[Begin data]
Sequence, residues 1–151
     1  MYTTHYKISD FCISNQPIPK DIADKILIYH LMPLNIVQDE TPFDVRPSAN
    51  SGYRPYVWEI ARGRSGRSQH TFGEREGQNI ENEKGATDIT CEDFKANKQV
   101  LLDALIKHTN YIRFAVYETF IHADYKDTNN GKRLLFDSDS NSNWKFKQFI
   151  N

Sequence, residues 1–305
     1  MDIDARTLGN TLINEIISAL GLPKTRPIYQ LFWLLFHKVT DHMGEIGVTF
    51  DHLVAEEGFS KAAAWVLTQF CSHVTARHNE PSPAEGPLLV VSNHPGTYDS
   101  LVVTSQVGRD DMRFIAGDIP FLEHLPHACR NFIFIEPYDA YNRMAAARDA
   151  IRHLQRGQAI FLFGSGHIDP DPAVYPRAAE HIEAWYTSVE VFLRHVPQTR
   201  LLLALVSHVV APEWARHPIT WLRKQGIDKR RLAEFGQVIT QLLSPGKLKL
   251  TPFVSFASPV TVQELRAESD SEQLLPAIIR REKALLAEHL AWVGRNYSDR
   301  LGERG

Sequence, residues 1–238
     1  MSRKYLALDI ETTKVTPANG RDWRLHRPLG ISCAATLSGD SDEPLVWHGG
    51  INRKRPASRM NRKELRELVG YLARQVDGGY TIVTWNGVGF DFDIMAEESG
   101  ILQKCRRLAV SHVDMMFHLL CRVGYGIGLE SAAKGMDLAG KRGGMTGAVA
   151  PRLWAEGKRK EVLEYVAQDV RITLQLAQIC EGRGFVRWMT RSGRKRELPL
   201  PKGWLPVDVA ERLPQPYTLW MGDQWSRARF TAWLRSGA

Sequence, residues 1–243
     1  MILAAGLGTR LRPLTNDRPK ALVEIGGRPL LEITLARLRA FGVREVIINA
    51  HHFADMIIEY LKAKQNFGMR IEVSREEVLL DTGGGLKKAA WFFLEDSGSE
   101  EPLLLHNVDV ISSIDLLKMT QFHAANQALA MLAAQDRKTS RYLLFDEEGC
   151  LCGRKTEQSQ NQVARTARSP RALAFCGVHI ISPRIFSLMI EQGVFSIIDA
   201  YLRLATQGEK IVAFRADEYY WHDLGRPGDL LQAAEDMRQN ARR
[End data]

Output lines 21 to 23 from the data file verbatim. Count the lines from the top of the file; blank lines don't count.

     1  MILAAGLGTR LRPLTNDRPK ALVEIGGRPL LEITLARLRA FGVREVIINA
    51  HHFADMIIEY LKAKQNFGMR IEVSREEVLL DTGGGLKKAA WFFLEDSGSE
   101  EPLLLHNVDV ISSIDLLKMT QFHAANQALA MLAAQDRKTS RYLLFDEEGC